Well so was this one certain man in John 5, verse 5. It says, "Now a certain man was there who had an infirmity thirty-eight years." I don't know if he was 38, which means he would have had it from birth, or more likely it seems by the reading later, that he had gotten it sometime…that he had it now for 38 years.
That would be today as though he had contracted it in 1971. And some of you weren't even alive in 1971, but if you were, imagine from 1971 up through today to have that same infirmity, that lameness, that whatever it was that this man had that never went away. And he gets hopeless, and he begins to wonder if maybe this cure at Bethesda is a cure for him. And so he comes in hopes that somebody will get him into that water fast enough that he might be cured.
Verse 6 says, "When Jesus saw him lying there, and knew that he already had been in that condition a long time, He said to him, 'Do you want to be made well?'"
Now I want you to notice that when Jesus comes here to Bethesda, He comes to a place that is filled with crippled people, people who are lame, people who are blind, people who are paralyzed, but Jesus does not heal every one of them. You might think, "Well, that's unfair." The fact that He comes with that power, but yet He doesn't heal all of them, they all need healing.
But Jesus goes to one man in particular. And you notice by the reading He knows the man's condition. He knows that he has been in that condition for a long time. After all, He is God. And certainly He knows when the man encountered that disease, that affliction. He knows how long the man has had that affliction. And like a laser light, He walks through all of the other needs now, and He goes to this one man.
Why this man? You know he doesn't really qualify for healing. In fact, if you look with me down to verse 14, you discover that in this man's case his infirmity was a result of personal sin. Fourteen says, "Afterward Jesus found him [that was the man He had healed] in the temple, and said to him, 'See, you have been made well. Sin no more, lest a worse thing come upon you.'"
Now here is a man who is in the condition he is in because of his own sin. Perhaps as bad living he contracted a disease, but perhaps because of his rebellion against God, God has afflicted him. First Corinthians 11 tells us God does that, by the way. He even does that to church people, 1 Corinthians 11 tells us.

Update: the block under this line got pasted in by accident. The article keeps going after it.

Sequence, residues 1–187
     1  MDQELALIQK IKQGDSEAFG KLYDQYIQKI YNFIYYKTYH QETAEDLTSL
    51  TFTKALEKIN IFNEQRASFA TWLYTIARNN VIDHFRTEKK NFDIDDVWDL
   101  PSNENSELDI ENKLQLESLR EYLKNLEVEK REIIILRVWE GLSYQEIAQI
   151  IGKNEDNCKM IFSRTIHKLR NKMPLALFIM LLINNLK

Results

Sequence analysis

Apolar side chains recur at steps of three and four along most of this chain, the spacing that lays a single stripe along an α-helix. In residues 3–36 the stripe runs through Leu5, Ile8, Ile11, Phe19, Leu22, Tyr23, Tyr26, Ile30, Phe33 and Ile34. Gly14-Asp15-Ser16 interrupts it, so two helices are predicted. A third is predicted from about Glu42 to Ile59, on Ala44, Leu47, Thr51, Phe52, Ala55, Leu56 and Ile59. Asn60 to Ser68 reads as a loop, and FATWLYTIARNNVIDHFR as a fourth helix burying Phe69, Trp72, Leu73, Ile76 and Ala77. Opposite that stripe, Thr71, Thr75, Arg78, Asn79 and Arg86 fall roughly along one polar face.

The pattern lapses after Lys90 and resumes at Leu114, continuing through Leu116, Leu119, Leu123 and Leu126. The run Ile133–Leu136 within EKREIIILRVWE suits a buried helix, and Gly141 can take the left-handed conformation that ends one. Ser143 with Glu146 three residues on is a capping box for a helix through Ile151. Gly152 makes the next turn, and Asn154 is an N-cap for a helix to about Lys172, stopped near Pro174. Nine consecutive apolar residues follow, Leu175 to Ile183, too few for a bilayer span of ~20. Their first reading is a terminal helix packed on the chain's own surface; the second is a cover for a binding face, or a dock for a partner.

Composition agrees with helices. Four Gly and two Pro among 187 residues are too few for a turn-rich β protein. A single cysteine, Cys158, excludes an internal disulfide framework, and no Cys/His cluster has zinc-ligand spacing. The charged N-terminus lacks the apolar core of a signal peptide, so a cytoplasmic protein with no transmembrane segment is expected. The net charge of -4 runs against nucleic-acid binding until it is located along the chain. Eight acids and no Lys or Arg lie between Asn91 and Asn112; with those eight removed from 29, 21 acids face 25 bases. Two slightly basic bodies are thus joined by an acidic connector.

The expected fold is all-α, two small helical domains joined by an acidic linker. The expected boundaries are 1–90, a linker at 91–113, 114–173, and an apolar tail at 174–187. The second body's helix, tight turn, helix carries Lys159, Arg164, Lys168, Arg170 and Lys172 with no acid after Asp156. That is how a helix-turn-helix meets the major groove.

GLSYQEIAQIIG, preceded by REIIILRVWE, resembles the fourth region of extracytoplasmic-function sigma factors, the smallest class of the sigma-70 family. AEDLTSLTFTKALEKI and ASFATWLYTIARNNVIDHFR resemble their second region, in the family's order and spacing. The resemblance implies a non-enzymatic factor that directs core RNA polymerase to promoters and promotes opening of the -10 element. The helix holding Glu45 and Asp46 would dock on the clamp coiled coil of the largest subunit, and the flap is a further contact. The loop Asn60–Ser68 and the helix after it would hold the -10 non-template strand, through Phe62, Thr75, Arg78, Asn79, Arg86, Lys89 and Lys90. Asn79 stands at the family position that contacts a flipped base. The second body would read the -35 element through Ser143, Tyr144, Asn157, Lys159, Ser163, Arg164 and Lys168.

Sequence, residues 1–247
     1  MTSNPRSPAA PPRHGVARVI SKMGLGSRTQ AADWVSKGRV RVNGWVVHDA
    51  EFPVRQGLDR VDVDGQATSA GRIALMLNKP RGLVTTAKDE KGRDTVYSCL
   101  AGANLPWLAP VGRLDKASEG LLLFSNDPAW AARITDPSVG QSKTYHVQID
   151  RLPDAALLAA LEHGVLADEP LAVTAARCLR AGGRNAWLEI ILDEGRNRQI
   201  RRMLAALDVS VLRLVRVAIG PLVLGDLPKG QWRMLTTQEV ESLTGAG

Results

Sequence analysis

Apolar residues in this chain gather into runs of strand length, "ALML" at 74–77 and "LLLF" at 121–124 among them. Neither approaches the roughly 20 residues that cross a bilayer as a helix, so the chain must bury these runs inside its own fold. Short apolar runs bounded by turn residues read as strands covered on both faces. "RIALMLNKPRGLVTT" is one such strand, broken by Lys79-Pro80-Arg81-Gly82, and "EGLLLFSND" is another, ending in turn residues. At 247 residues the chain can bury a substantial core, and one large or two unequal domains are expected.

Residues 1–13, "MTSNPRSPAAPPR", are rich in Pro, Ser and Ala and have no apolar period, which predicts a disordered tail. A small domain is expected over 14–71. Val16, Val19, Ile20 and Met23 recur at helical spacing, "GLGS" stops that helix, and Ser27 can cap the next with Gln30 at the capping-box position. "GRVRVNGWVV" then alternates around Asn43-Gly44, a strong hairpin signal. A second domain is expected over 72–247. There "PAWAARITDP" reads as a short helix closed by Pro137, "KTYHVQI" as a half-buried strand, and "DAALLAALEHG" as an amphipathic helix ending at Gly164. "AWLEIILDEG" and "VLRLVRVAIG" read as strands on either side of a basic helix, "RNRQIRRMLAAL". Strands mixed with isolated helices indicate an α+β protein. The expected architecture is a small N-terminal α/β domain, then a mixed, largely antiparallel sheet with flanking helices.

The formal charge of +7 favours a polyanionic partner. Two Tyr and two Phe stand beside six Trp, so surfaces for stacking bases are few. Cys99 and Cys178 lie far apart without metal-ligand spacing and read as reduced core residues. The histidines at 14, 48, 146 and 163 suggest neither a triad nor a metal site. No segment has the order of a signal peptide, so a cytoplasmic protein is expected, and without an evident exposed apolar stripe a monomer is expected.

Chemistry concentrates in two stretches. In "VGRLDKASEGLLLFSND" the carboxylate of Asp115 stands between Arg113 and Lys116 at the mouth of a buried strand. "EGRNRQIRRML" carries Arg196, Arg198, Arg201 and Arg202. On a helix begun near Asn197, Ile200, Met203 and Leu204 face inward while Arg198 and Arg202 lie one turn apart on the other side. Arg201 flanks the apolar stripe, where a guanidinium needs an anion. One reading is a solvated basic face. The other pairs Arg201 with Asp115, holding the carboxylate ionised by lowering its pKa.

Here is a man who doesn't deserve it by his own actions. He deserves to be on that bed, crippled, by our way of viewing things. Maybe Jesus walks by a poor, old grandmother who is blind and whose only hope in life is that she might be able to see her newborn grandchild. But Jesus doesn't heal her.
Maybe Jesus walks by a father who, more than anything, wants to have strength given back to his legs so he can go back and provide for his family that they don't have to live under the trees and on the streets.
But Jesus walks right by that person, and He goes to this man who is in the condition he is in because of his own choices in life…who got what he deserved. And now, not only that, but this man is not relying on God for healing. He is not praying to God. He is relying on local superstition. He is relying and following the crowd and wanting them maybe…that's the encouragement that he has. He wants their lives, to him, to be true.
So he believes that which makes no sense, has no scientific basis to it, and yet he's so hopeless and so desperate that he's going for this superstition. Why then does Jesus come only to him? Why does Jesus come and heal this man who is not praying to God, who is in the condition he is in because he has sinned against God? Why does Jesus heal him? Grace…grace.
He heals him, a man who does not deserve His mercy. And that's why He heals you. And that's why He saves you. He heals this man because God chooses to do it because God is a God of grace.
In fact, if you want to look down to verse 13, it says, "But the one who was healed [and that's this man] did not know who it was." In other words, my friends, this man does not even profess Christ as his Savior. This is not a healing that came after he claimed Jesus as his Lord. This man never claims Jesus as his Lord. Here is a man who never sees Jesus as the Messiah, whose own personal life got him into the mess that he is in, and who is relying on local legend to heal him, and yet God chooses to reach down and touch this life.